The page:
English in Kenya or Kenyan English?

by Natalia Budohoska (Author)
©2014 Monographs 191 Pages


The book aims to recognize or reject English in Kenya as a new, emancipated variety of English developing in a multilingual environment of permanent language contact. It discusses in detail the sociolinguistic situation in contemporary Kenya based on Labov’s extra-linguistic parameters and the results of a customized survey carried out by the author in Kenya. Furthermore, it identifies and describes characteristic stylistic, lexical, morphological and syntactic features of English in Kenya on the basis of the International Corpus of English (ICE). The theoretical framework employs Schneider’s Dynamic Model of Postcolonial Englishes and an effort is made to put the amount of variation found in the ICE into a wider context of other varieties of English around the world.

Table Of Contents

  • Cover
  • Title
  • Copyright
  • About the author(s)/editor(s)
  • About the book
  • This eBook can be cited
  • Table of contents
  • Abbreviations
  • Introduction
  • Chapter one: The history and status of English in Kenya
  • 1.0. Preliminary remarks
  • 1.1. Historical background
  • 1.2. Sociolinguistic situation
  • 1.3. Postcolonial Englishes in the framework of Schneider’s Dynamic Model
  • 1.4. Review of related literature
  • 1.5. Aims of this study
  • Chapter two: The data and the method
  • 2.0. Preliminary remarks
  • 2.1. Corpus linguistics and the International Corpus of English
  • 2.2. Tools
  • 2.3. Method
  • 2.4. Language contact
  • Chapter three: The mulilingual Kenya in a Labovian framework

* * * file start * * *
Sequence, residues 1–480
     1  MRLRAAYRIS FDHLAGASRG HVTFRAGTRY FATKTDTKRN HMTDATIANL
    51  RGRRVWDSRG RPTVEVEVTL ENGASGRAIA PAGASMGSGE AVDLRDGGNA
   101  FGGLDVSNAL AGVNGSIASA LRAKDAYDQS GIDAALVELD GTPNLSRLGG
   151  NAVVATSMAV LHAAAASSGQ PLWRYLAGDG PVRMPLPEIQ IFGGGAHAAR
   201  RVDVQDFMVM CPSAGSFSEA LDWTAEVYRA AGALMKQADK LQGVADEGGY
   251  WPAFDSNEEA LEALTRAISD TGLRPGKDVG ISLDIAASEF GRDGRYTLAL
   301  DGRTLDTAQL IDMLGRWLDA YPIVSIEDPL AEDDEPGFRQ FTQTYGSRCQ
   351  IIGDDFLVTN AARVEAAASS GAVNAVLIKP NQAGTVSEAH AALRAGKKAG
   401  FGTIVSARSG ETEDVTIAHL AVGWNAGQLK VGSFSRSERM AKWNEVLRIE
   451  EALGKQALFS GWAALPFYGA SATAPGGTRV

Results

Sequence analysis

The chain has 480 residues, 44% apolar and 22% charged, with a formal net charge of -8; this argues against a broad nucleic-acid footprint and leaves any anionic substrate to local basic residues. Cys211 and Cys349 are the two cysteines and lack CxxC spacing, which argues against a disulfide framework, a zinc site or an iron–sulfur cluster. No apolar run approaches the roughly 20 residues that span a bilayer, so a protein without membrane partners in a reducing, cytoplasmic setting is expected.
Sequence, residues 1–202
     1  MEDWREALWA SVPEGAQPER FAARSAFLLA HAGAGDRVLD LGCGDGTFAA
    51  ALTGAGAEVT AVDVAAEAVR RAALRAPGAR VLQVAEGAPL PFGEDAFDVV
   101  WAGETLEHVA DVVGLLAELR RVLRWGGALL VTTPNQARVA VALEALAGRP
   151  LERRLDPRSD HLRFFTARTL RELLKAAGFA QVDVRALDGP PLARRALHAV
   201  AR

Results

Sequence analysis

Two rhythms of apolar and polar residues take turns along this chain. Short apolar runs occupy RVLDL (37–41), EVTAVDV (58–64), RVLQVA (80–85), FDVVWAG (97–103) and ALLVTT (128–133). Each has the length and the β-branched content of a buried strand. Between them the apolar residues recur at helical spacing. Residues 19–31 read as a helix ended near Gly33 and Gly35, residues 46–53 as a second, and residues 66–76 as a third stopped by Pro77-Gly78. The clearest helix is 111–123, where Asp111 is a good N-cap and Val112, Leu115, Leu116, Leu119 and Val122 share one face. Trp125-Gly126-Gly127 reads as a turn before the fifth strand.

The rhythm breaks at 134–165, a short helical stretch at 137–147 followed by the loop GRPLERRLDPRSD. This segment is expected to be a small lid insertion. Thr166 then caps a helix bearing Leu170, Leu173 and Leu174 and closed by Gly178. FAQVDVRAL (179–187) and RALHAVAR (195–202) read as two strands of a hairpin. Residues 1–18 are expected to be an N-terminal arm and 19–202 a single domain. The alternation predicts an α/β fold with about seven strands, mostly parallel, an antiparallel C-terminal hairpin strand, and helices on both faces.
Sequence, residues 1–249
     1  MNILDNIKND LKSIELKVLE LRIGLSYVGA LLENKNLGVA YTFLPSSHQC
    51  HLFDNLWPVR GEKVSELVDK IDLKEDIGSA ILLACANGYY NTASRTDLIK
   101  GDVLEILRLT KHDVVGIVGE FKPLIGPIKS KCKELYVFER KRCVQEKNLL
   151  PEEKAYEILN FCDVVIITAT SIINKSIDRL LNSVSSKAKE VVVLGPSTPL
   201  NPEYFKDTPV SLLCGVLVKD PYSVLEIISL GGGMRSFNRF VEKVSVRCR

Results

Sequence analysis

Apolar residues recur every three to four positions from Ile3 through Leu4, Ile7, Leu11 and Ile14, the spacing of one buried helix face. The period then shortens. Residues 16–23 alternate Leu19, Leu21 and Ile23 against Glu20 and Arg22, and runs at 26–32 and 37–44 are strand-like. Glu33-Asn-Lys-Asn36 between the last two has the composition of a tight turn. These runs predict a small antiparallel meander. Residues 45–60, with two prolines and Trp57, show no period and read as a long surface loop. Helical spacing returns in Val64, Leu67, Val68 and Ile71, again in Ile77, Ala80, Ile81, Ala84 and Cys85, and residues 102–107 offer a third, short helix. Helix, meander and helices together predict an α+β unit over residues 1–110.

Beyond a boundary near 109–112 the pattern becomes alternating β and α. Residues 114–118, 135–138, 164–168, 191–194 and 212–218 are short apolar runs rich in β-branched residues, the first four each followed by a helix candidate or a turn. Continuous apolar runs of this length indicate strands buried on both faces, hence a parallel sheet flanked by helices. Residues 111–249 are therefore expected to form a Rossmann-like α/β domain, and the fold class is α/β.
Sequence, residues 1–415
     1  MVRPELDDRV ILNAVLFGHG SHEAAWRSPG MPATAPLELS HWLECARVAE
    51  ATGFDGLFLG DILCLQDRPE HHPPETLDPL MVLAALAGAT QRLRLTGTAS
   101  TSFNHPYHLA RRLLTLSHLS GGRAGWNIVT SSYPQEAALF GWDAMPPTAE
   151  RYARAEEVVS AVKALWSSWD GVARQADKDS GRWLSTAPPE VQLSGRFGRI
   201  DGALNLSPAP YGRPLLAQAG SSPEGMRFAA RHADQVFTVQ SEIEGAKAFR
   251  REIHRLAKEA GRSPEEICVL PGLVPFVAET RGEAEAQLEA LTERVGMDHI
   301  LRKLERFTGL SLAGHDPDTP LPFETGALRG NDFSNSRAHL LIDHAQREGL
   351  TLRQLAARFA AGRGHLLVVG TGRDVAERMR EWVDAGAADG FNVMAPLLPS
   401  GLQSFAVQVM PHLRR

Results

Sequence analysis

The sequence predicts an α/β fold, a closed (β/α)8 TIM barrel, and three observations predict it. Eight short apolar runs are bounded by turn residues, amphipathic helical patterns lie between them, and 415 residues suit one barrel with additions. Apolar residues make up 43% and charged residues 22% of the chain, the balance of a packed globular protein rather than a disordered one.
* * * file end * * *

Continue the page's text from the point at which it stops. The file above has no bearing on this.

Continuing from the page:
• 3.0. Preliminary remarks
  • 3.1. Statistical demographic data
  • 3.2. Fieldwork data
  • 3.2.1. Conduct of the survey
  • 3.2.2. Summary of the data
  • 3.3. Analysis of the data
  • 3.3.1. Ethnic identity versus national identity
  • 3.3.2. Language competence and the frequency of language use
  • 3.3.3. Labov’s extralinguistic variables
  • 3.3.4. Language choice in a multilingual reality
  • 3.4. Partial conclusions
  • Chapter four: The formality of language in the ICE-K: a quantitative study
  • 4.0. Preliminary remarks
  • 4.1. Selection of the data
  • 4.2. Frequency overview
  • 4.3. Phrasal verbs
  • 4.4. Expressions of personal opinion
  • 4.5. Contracted negative forms
  • 4.6. Linking words and expressions
  • 4.7. Intensifies
  • 4.8. Partial conclusions
  • Chapter five: The Kiswahili borrowings in the ICE-K
  • 5.0. Preliminary remarks
  • 5.1. Africanisms and the theories of borrowing
  • 5.2. Africanisms in the ICE-K
  • 5.3. Semantic features according to linguistic fields
  • 5.3.1. Socio-political spectrum
  • 5.3.2. Professional life
  • 5.3.3. Kinship terms
  • 5.3.4. Food and drink
  • 5.3.5. Tools and weapons
  • 5.3.6. Function words
  • 5.4. Changes in meaning
  • 5.5. Grammatical assimilation
  • 5.6. Stylistic features
  • 5.7. Partial conclusions
  • Chapter six: The characteristic morphological and syntactic features in the ICE-K
  • 6.0. Preliminary remarks
  • 6.1. Variation according to word class
  • 6.2. Complexity versus simplicity
  • 6.3. Variation in spelling
  • 6.4. Productive word formation patterns
  • 6.5. Overview of characteristic features across varieties of English
  • 6.6. Partial conclusions
  • Conclusions
  • References
  • (a) Sources
  • (b) Special studies
  • List of Figures
  • List of Tables
  • Appendices